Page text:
This is exactly what God did for us as believers in Christ. Because of what Jesus did for us on the cross, we are now eternally part of His family, and His Spirit dwells in our spirit and cries out to the Father. God the Father decided before the foundation of the world was laid that anyone who loved Christ would be loved and accepted by Him as His child. He decided He would adopt all those who accepted Jesus as their Savior. We become heirs of God and joint heirs with His Son, Jesus Christ.
It is the knowledge of our family relationship to God that gives us boldness to go before His throne and let our requests be made known.
From the book Closer to God Each Day by Joyce Meyer.
“For He has rescued us out of the darkness and gloom of Satan’s kingdom and brought us into the kingdom of his dear Son” (Colossians 1:13).
A famous general invited me to his office. He was hungry for God and eager to become a Christian. Yet as we counseled together, he seemed reluctant to pray. I inquired as to his reluctance, and he said, “I don’t understand myself. I want to receive Christ, but I can’t.”
I turned to Colossians 1:13,14 and asked him to read it aloud. Then I asked him to tell me what he thought it meant. The light went on. Suddenly he realized that he was a member of Satan’s kingdom, and Satan was trying to hinder his being liberated from darkness and gloom into the glorious light of the kingdom of God’s dear Son. Satan did not want him to receive Christ into his heart.
As soon as the man realized he was a member of Satan’s kingdom, he was ready to pray and receive Christ into his life so that he would then become a member of God’s kingdom.
I, too, was once in Satan’s kingdom – not a very pleasant thought, but true. And so were you if you are a Christian. Every person born into this world is a part of Satan’s kingdom; all who are not now experiencing the saving grace and love of Christ are a part of his kingdom.
It is God the Holy Spirit who enables men to comprehend spiritual truth. It is God the Holy Spirit who liberates men from darkness into light. It is God the Holy Spirit who is responsible for the new birth that brings men into the kingdom of God.
When we go out to witness, it is not enough to know God’s plan. It is not enough to know the Four Spiritual Laws. It is not enough for us to be nicely groomed and properly scented. We need to go in the power of God’s Holy Spirit. He alone can change men.
Bible Reading: Ephesians 6:10-13
TODAY’S ACTION POINT: My first concern in everything I do and every contact I make today will be that the power of God’s Holy Spirit will be operative in my life, so that others will see His supernatural qualities in my life and want to join me in following Him.
The apostles gathered around Jesus and reported to him all they had done and taught. Then, because so many people were coming and going that they did not even have a chance to eat, he said to them, “Come with me by yourselves to a quiet place and get some rest.” So they went away by themselves in a boat to a solitary place. Mark 6:30-32
Wise leaders lead their team (and/or family) into a time of rest. They find a quiet place and rest together. Rest is required after extreme busyness because your spirit begins to rebel against the hustle and bustle. The joy you found in service for God starts to fade, and people become a drain rather than a blessing. It is time to break away to a solitary place, for you cannot continue at a breakneck pace. It is unrealistic, bordering on contempt for God.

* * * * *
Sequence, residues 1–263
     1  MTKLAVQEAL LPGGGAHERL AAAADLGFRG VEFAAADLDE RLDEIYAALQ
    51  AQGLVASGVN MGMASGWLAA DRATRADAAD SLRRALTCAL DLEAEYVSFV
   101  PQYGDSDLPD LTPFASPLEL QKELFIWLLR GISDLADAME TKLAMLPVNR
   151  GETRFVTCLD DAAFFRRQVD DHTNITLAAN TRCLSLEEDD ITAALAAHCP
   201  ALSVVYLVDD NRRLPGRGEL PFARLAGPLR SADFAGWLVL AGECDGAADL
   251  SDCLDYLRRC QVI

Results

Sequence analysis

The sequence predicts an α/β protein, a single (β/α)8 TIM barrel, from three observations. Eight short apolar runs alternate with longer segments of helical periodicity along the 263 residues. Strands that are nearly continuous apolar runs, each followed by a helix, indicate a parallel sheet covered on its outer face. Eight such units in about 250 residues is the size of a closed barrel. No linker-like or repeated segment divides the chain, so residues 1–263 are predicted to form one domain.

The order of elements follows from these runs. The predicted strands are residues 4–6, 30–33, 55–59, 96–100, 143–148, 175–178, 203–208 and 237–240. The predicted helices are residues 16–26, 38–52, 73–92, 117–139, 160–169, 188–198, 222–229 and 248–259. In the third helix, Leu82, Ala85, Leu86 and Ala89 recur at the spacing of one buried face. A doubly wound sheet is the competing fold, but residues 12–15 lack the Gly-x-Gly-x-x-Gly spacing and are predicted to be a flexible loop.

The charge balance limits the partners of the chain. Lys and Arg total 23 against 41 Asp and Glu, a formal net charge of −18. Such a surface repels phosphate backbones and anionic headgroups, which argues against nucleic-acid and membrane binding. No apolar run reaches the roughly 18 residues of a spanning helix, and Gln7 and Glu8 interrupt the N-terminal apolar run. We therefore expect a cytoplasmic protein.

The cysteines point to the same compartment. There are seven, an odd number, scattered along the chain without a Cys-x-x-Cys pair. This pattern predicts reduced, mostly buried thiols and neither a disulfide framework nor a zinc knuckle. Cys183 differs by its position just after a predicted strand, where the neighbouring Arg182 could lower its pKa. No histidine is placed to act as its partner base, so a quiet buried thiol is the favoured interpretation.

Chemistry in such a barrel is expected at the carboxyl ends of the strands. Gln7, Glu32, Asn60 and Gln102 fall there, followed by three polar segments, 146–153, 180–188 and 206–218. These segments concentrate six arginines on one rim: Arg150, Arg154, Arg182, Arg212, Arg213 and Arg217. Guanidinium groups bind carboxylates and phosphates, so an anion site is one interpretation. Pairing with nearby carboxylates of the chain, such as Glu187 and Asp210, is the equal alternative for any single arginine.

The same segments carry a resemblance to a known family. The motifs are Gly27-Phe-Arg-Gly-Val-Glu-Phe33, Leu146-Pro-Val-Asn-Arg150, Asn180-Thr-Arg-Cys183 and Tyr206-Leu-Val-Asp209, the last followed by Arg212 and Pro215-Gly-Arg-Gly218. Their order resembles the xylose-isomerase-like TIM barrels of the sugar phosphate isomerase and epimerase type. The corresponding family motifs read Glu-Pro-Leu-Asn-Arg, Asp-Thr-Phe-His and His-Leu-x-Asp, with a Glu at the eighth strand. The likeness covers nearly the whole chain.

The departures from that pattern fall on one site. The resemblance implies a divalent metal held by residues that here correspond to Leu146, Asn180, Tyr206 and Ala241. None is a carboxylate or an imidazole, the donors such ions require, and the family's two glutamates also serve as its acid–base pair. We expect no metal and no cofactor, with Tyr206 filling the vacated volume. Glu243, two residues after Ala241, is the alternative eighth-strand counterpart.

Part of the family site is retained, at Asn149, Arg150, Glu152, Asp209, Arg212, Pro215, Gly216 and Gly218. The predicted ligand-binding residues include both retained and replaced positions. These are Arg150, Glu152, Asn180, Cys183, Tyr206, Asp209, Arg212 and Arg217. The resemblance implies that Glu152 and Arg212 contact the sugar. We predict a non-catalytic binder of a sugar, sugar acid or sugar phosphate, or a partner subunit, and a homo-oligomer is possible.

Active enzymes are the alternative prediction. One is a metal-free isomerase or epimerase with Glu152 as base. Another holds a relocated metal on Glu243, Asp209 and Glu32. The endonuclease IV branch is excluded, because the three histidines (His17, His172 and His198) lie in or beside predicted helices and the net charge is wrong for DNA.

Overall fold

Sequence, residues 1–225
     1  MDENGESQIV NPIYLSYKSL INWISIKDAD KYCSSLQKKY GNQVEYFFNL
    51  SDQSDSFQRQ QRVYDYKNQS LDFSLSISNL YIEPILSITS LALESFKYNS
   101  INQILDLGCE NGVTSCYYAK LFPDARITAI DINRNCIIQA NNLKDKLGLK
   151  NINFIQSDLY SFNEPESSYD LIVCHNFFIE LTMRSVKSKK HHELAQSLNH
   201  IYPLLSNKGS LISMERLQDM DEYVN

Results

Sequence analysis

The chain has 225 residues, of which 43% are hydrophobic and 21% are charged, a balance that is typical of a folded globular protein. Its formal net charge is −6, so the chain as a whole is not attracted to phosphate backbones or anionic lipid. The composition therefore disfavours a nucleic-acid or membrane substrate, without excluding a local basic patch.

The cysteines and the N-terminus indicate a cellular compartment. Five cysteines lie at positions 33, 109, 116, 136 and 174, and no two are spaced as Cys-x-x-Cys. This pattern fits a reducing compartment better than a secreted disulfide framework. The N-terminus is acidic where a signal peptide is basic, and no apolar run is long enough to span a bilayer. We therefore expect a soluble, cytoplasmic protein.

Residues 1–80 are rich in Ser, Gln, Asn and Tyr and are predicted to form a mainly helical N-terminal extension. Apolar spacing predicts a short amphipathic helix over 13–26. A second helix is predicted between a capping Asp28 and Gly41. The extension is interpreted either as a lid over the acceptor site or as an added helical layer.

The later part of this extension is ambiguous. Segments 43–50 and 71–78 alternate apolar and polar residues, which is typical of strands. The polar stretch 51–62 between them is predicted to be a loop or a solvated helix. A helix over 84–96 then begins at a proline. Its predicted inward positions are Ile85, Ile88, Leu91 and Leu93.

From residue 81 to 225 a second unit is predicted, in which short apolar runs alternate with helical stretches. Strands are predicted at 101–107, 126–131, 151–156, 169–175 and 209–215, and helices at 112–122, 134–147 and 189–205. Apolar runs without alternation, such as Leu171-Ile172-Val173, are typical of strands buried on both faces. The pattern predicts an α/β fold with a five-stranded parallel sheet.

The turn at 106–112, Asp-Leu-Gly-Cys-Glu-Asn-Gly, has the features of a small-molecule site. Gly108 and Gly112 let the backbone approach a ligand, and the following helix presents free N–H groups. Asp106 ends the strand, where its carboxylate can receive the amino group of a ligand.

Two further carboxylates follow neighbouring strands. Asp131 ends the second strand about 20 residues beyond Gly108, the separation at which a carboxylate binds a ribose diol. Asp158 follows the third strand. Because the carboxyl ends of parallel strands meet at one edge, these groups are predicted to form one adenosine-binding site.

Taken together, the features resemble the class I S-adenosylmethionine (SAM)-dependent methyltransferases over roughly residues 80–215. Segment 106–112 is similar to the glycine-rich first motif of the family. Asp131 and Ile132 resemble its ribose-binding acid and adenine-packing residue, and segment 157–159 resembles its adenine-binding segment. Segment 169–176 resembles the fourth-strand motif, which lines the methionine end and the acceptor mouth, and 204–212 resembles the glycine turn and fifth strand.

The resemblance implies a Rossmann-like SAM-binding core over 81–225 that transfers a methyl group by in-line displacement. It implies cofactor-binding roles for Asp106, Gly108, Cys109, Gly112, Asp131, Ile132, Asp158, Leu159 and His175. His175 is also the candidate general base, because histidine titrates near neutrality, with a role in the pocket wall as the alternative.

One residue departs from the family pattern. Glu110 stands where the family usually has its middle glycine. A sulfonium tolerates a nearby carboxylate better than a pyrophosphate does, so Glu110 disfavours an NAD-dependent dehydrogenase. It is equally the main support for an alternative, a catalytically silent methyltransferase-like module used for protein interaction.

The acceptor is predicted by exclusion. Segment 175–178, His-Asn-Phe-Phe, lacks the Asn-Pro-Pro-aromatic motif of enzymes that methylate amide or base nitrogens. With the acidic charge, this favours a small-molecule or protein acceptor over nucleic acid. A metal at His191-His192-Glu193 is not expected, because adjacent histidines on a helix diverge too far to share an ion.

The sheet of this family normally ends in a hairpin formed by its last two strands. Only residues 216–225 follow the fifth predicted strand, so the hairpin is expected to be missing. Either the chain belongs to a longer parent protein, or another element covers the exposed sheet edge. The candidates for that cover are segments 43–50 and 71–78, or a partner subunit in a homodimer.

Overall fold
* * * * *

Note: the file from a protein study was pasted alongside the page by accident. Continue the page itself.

Even Jesus took a break. If you continually push yourself and others, you will eventually lose all energy and perspective. A driven heart becomes a judgmental heart. You begin to look down on people for not pulling their weight. Jaded criticism replaces your joy. You feel you’re the only one who is really committed. Your peers have become slackers in your mind. Be careful; you may be serving out of your own strength, not the Spirit’s. It is the Holy Spirit that sustains you over the long haul. Wise leaders understand the danger of an unsustainable schedule: You begin to sacrifice relationships in order to reach unrealistic goals.
Read 1 CHRONICLES 8
Karl Vaters, church pastor and author of The Grasshopper Myth, calls small churches “the next big thing.” Vaters believes “small churches are uniquely poised to meet the needs of Millennials and perhaps turn the tide on the trend of the unchurched.”
Today’s passage focuses on the tribe of Benjamin, described as “little” in Psalm 68. This tribe was descended from Jacob’s youngest son. At the time of the first census it numbered 35,400 and by the second census had grown to 45,600 (Num. 1:37; 26:41). When Saul was chosen to be Israel’s first king, he noted that Benjamin was “the smallest tribe of Israel” and he was from least significant clan in that tribe (1 Sam. 9:21). Benjamin distinguished itself by siding with David when the Northern tribes revolted against him.
In chapter 8, the author mentions several locations within Benjamin, placing special emphasis on Gibeon and Jerusalem. Jerusalem shared a border with Judah and Benjamin. The chapter concludes with the family of Saul, setting the stage for the narratives that follow which describe the rise of David and the establishment of Jerusalem as Israel’s capital.
The story of Benjamin is mixed. It includes tales of victory as cities were built and giants defeated, but there is an underlying note of warning. The original audience would have known that Saul’s reign began with promise but ended in tragedy.
An old hymn asks, “Does the place you’re called to labor seem too small and little known? / It is great if God is in it, And He’ll not forget His own.” God is not daunted by small size or limited resources. As the refrain of this song declares, “Little is much if God is in it.”
APPLY THE WORD
Little is much if God is in it—but He must be in the method as well as the motive. As the stories of Saul and David demonstrate, small size is no obstacle, but our failure in the areas of faith and obedience will be. Ask God where and how He wants you to exercise your faith today. The sphere may be small, but the effect will be great.